Smudges on Objects: Lighting issues related with lighting and material

Hi everyone, I am a beginner kind of UE4 user and an **architect experimenting with UE and trying to adapt it to my workflow. There are many issues that I am having trouble with but this one is the most important one that makes me suffer. First of all, I want to talk about how I generate my models and my method to import them into UE4:

I use 3dsmax to make models, when the object is done, i convert it to mesh and add the UVW map for texturing and finally flatten the texture with **unwrap then chose the channel 2 **in order not to have lightmap issues in UE4. Forgot to mention, I reset all smoothing groups before texturing. Export it as **.fbx **and import it into UE4. In the editor, I select the UV map 1 and source lightmap 1 as can be seen in the attachement.

When these procedures are done, i chose the lighting quality production then build the scene. The thing is, when i build the lighting there are smudges appear on the objects. Nor is this all, **reflective materials looks awry **and the reflections of the light on the floor doesnt look all right.

I would be grateful if you guys can help me to solve these problems. Thanks a lot…

Maybe your lightmap resolution ain’t high enough? mind to show your UV layout channel 2 for lightmap?
reflection qualitty can set in postprocess in order to get more presentable looking but in engine the reflection is not so perfect compare to pre-rendered of cos.


UV unwrapping plays a very important role in Lighting. We can remove most of the smudges and artifacts with proper and clean UV unwrapping. Once, you have proper unwrapping you can play with Lightmass settings of
1 - Individual Mesh (Lighting -> Overridden Light Map res, increase this value till blotches and smudges disappear; Max 2048)
2 - World settings (Lightmass Settings)
(and Finally BaseLightmass.ini though IMO it’s not required to change ini values)

Please read the these following forum posts

rafareis123’s Lighting workflow

Lets make Lightmass EPIC (and understandable)

Yeah some of those are definitely a UV problem, You can try using a script like steamroller for 3dsmax (it’s free) that will automaticlly flattern your uv channels, It’s quite the time saver and it does a pretty decent job.

Thanks MSL, I read the links and they are really helpful. I increased the spacing value of flatten mapping in max also increased the lightmap resolution in UE4. Besides, I changed the lighting quality to production in order to avoid light leaks and did some experiment with the basemap.ini values. So the results are promising, not as good as v-ray renders at the moment, need more practise… I am sharing my settings down below…



And here is the result so far:

I will try out the script today Imsopov thanks…

So there are one issue left that needs a solution, as unwrap is crucial for good lighting and we need to unwrap every single object in the modelling software. How can we deal with complex objects that has a lot of polygons… I tried to unwrap a bed model in max which is nearly 200k poly, and it really took a long time, considering that i will have many furniture and whiteware in my house model, i would spend hours just for unwraping objects… Is there any shortcut for that?

You may find that steamroller may do the job for you. There are plenty of auto-unwrappers out there. I haven’t tried too many myself but I am thinking about getting unwrella possibly in the future for more intricate meshes like furniture etc.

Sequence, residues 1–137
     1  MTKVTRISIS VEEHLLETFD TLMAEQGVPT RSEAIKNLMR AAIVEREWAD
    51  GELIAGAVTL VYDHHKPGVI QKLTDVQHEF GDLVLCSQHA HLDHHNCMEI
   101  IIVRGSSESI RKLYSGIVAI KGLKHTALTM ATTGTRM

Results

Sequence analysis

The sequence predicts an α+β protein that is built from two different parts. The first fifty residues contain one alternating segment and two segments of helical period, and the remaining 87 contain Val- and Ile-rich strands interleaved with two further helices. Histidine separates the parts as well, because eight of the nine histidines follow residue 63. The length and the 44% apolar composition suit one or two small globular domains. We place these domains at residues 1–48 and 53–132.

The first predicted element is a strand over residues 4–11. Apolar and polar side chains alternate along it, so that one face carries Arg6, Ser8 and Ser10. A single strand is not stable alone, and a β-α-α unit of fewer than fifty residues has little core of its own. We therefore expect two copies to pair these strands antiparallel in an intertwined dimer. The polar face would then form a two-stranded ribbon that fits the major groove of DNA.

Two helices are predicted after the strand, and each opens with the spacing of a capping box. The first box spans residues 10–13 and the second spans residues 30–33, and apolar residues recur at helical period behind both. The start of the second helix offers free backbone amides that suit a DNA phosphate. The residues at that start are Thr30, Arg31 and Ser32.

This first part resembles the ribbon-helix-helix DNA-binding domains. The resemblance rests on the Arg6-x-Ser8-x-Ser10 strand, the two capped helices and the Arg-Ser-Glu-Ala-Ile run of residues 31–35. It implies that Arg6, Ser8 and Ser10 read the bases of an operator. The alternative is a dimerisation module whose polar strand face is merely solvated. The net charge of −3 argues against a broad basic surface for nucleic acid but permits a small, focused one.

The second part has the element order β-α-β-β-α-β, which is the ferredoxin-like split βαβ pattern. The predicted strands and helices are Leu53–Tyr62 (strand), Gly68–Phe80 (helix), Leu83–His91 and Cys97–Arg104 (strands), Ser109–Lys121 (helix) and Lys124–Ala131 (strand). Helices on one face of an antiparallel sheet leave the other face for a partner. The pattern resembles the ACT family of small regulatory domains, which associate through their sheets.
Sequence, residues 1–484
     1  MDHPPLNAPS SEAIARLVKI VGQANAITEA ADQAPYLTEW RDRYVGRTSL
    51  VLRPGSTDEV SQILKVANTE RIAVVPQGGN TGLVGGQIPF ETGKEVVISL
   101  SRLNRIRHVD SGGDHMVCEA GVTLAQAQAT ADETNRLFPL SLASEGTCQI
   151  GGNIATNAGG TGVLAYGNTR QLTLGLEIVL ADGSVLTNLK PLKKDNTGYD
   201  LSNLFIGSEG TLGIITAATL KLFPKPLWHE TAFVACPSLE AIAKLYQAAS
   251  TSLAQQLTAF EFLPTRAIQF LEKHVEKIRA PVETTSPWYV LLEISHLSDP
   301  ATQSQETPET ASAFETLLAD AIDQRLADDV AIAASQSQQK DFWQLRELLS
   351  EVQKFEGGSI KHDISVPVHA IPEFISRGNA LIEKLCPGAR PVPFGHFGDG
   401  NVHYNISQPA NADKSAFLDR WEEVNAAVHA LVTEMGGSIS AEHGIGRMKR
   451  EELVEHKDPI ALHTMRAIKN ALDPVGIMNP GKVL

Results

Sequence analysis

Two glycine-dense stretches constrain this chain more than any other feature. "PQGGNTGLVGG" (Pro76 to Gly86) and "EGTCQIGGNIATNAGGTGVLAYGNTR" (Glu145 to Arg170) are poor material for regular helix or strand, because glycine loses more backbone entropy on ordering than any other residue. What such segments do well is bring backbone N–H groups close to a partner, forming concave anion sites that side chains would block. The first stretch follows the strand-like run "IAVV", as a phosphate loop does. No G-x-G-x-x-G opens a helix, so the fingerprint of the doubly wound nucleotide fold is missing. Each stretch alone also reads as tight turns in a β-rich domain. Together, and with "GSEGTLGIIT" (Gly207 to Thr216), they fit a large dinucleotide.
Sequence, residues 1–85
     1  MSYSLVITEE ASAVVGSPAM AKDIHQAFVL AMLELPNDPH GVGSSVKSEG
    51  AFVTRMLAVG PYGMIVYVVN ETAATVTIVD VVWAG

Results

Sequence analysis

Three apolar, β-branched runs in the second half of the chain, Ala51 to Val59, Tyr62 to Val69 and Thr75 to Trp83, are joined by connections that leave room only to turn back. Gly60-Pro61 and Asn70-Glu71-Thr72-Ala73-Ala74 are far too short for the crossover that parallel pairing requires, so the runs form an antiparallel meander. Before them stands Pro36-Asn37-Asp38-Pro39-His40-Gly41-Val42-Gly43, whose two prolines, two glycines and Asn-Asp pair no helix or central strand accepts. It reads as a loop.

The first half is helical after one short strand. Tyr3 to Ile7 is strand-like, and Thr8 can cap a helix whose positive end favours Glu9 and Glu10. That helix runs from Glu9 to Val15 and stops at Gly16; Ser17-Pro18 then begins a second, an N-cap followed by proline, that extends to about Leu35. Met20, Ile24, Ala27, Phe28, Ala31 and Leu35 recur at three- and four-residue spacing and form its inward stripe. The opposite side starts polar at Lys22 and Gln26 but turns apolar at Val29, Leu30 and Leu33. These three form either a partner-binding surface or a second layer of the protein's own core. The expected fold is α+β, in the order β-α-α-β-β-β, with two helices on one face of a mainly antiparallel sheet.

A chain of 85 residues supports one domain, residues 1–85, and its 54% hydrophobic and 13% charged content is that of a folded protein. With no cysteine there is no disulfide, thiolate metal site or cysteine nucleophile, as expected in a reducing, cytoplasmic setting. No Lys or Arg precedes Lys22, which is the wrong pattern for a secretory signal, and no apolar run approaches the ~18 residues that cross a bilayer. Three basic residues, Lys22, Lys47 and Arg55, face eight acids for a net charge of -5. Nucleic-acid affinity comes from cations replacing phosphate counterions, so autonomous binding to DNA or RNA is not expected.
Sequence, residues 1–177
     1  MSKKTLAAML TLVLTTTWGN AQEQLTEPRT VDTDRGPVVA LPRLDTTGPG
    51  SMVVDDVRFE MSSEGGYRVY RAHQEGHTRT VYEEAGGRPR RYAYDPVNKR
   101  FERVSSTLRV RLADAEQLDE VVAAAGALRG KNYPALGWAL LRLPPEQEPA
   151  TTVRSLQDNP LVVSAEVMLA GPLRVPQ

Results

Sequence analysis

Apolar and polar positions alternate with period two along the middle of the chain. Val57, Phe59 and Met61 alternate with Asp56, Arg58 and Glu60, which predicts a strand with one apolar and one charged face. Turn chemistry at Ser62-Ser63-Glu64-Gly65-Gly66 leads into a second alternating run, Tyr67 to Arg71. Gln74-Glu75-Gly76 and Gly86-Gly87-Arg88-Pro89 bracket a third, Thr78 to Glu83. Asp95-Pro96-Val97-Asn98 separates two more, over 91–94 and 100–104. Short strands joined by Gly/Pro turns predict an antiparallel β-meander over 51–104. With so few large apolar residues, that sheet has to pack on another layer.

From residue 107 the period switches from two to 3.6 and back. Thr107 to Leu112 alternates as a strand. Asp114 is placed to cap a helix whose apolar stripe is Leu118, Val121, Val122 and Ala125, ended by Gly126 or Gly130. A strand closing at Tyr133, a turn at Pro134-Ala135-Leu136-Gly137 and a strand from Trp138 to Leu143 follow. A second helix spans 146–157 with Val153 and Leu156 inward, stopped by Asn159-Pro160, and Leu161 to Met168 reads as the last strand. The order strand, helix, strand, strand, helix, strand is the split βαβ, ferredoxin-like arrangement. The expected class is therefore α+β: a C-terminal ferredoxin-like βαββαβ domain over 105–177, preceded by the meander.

You might want to break up your walls into smaller pieces. That way it’s not a single 512 lightmap for your entire scene.

you mean using a modular system or using a higher value when flattening the UV?

Breaking the scene into smaller parts!

Each walls separately, each floors, each ceilings, etc. You have too much stuff for 1 poor lightmap!!!

The more you separate things, the more your lightmaps are going to look good (if you also make well layed-out lightmaps).

Couldn’t agree more. In my project, I had all the walls as a single object. So, instead of separating each walls, I separated the faces which were directly exposed to lighting. By this way, we can minimize the Lightmap resolution of each objects and also get better results with lower settings.
For example, I have found following values applicable across the projects with very less degree of variance:

Static Lighting level Scale : 0.7 - 0.8
Num Indirect Lighting Bounces : 100
Indirect Lighting Quality : 5
Indirect Lighting Smoothness : 0.6 - 0.65

Most of the times I haven’t even touched BaseLightMass.ini

With regard to Unwrapping, I used steamroller but it has few problem for complex objects(I get some couldn’t access level 3 object error). For Complex objects, I unwrap manually.

With regard to v-ray quality renders, some of the users (Koola, rafareis, rebellogp) have already achieved it. You can check forum posts for some of there works.

I also started to separate the faces that are going visible to assign them a high-res lightmap, and I leave the rest of the geometry on a low-res lightmap! Best solution imo.

As a totally non-architecture kind of guy, I notice that there’s a lot of free and paid resources now for offline and realtime ArchiViz focusing on things like shader quality for the suitable render pipeline, optimised geometry, appropriate UV unwrap etc.

AFAIK unless you are dealing specifically with interior design elements that clients can directly choose, then furniture and whiteware and other “clutter”/decoration need not be too specific. If the interior design elements (eg. bathroom, sinks, sofa) are manufacturer-specific and needs to be integrated, then building a asset base of such elements will be important.

So that’s my armchair observations.

Any of you ArchiViz experts doing manufacturer-specific interior design stuff with clients?